Eating Tofu Could Improve Your Sex Life

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People who consume tofu and other plant-based foods might enjoy a better sex life than meat-eaters, suggests a new study that found certain plant products can influence hormone levels and heighten sexual activity.

The research, published in the journal Hormones and Behavior, is the first to observe the connection between

plant-based estrogenic compounds, or phytoestrogens, and behavior in

wild primates. In this case, it was a group of red colobus monkeys in Uganda.

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As primates, we humans would likely experience similar effects from the compounds.

"It's one of the first studies done in a natural setting providing

evidence that plant chemicals can directly affect a wild primate's

physiology and behavior by acting on the endocrine system," study

lead author Michael Wasserman said in a press release. He conducted the research as a graduate

student at UC Berkeley's Department of Environmental Science, Policy and

Management.

"By altering hormone levels and social behaviors important

to reproduction and health, plants may have played a large role in the

evolution of primate — including human — biology in ways that have been

underappreciated," he added.

For 11 months, Wasserman and his team followed a group of red colobus

monkeys in Uganda's Kibale National Park and recorded what the primates

ate. For behavioral observations, the researchers focused on aggression,

as marked by the number of chases and fights, the frequency of mating

and time spent grooming. The scientists also collected fecal samples to assess changes in hormone levels.

The researchers found that the more male red colobus monkeys dined on the leaves of Millettia dura,

a tropical tree containing estrogen-like compounds, the higher their

levels of estradiol and cortisol. They also found that with the altered

hormone levels came more acts of aggression and sex, and less time spent

grooming — an important behavior for social bonding in primates.

The tropical tree is a close relative of soy, which is also considered to be high in phytoestrogens. Women going through menopause often take soy-based products to relieve some symptoms, so I was interested to read how such foods impact males. Males seem to become more macho instead of what would be expected.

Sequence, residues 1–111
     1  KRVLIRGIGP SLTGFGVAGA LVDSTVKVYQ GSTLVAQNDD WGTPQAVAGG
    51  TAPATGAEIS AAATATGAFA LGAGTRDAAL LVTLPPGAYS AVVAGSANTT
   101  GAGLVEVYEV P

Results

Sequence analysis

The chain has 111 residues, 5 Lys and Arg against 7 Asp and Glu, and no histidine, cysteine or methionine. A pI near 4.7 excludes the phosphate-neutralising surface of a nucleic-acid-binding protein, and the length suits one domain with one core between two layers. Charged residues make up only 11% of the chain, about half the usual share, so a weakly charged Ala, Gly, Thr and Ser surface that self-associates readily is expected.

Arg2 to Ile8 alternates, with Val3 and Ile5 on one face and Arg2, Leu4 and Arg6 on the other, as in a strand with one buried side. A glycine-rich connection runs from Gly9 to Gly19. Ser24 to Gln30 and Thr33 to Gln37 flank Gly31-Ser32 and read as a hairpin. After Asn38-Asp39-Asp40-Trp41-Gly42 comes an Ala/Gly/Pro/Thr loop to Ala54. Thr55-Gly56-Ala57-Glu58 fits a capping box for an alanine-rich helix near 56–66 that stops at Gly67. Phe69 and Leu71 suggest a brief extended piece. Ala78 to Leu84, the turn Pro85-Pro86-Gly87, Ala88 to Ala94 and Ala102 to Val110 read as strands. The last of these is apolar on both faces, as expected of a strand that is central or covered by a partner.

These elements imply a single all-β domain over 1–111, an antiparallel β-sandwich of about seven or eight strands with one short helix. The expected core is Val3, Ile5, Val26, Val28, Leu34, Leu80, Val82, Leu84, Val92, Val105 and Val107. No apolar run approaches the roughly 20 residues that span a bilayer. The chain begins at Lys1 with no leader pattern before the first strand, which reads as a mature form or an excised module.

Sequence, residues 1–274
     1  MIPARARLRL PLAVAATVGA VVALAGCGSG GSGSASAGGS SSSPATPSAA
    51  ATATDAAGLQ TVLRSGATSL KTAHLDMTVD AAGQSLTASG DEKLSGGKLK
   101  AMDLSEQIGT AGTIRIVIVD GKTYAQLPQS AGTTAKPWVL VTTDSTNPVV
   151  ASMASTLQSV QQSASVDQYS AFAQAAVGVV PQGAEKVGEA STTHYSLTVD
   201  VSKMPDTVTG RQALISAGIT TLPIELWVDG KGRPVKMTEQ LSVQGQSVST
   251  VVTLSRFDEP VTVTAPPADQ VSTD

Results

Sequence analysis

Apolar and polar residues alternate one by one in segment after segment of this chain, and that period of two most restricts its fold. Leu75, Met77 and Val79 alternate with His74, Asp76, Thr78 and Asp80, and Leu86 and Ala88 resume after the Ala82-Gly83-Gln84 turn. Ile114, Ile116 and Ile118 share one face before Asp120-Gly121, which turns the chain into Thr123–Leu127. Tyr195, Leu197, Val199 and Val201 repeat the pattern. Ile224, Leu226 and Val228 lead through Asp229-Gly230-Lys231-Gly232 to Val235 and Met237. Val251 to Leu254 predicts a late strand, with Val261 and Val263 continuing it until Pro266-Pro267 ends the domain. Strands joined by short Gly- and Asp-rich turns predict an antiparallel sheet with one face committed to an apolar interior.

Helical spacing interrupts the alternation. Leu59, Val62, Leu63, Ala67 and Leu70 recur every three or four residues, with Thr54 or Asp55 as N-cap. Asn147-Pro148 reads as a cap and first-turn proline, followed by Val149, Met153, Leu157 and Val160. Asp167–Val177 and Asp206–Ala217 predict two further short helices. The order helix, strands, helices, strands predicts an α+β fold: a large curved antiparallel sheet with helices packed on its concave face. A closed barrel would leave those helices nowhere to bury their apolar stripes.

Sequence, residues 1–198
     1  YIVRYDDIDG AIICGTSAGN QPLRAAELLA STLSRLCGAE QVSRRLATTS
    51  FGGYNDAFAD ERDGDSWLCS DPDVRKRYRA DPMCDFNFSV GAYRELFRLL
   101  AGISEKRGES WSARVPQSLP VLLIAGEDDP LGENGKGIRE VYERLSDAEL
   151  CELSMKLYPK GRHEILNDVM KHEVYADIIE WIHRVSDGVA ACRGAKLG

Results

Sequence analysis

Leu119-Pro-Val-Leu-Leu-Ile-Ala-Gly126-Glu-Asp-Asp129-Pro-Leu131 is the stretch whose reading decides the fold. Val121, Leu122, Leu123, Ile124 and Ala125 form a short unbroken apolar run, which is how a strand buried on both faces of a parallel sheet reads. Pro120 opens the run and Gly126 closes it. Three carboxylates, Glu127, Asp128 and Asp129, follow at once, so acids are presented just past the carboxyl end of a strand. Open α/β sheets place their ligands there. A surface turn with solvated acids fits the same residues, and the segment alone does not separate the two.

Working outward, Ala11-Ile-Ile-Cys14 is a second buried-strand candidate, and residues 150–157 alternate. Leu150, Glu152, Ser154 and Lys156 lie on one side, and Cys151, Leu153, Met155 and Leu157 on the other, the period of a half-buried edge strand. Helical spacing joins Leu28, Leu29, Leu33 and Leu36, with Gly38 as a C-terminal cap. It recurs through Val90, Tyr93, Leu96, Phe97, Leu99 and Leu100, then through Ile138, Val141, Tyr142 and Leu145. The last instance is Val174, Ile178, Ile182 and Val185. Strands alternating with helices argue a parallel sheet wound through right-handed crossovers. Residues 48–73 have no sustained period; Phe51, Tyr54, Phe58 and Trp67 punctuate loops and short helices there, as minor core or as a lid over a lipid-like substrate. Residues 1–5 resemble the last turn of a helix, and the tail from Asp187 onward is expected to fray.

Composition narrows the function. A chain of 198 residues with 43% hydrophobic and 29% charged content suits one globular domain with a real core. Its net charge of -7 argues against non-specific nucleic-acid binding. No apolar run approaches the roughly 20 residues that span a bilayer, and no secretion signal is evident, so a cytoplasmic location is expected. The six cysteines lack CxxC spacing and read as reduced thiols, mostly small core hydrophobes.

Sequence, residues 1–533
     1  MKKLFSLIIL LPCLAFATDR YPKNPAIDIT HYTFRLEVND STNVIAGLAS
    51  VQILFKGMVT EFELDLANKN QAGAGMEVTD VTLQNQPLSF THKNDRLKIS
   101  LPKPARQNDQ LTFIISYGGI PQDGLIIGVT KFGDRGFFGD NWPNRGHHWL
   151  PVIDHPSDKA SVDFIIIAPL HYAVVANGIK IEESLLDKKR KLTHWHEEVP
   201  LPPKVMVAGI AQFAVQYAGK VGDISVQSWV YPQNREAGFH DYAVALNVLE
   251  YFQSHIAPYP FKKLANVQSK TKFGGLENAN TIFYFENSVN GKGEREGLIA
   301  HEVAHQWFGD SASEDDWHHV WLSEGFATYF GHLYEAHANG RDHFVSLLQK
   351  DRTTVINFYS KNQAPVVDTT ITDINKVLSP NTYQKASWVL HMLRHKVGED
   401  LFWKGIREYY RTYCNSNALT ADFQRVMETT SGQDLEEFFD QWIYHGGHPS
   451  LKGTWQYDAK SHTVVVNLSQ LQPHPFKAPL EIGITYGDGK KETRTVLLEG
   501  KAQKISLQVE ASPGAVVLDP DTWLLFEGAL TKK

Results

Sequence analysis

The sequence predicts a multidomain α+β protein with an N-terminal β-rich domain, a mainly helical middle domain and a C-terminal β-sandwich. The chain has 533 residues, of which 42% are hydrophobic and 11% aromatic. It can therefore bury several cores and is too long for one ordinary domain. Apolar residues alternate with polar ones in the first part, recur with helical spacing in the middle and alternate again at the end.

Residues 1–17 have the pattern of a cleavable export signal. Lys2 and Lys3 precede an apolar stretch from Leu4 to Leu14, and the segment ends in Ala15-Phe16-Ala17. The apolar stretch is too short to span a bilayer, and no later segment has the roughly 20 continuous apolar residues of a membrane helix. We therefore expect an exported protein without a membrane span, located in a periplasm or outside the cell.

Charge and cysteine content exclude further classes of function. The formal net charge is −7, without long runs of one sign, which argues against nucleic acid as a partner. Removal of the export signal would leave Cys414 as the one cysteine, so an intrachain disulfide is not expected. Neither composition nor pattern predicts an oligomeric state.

"With all of the concern today about phytoestrogen intake by humans

through soy products, it is very useful to find out more about the

exposure to such compounds in living primates and, by analogy, human

ancestors," said study co-author Katharine Milton, professor in UC

Berkeley's Department of Environmental Science, Policy and Management

and an expert on the dietary ecology of primates. "This is particularly

true when determining the influence of phytoestrogens on reproductive

behavior, which is the whole keystone of natural selection."

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The authors are quick to point out that multiple factors influence primate hormone levels and behavior. Goodness knows, we don't want another Twinkie defense-like situation, with a rapist saying he ate too much tofu or something ridiculous like that. In the study, the primates' own

endogenous hormone levels were the stronger predictor of certain

behaviors, while phytoestrogens played a secondary role.

Wasserman, who is now a post-doc at McGill University's Department of Anthropology, and his colleagues are now

examining the relationship between phytoestrogens and other primate

species, including our closest-living relative, the chimpanzee, to

determine how common estrogenic plants are in the diets of wild

primates.

He said, "Human ancestors took most of their diet from wild tropical plants,

and our biology has changed little since this time, so similar

relationships as those found here are expected to have occurred over our

evolutionary history."

For this latest study, the researchers note that the red colobus diet contains a

high percentage of leaves, while the diet of chimpanzees, other apes and

human ancestors consists primarily of fruits. One of Wasserman’s

current goals then is to compare the presence of phytoestrogens in wild

leaves and fruits.

"If phytoestrogens make up a significant proportion of a fruit-eating

primate's diet, and that consumption has similar physiological and

behavioral effects as those observed in the red colobus, then estrogenic

plants likely played an important role in human evolution," he said. "After studying the effects of phytoestrogens in apes and

fruit-eating primates, we can then get a better sense of how these

estrogenic compounds may influence human health and behavior."

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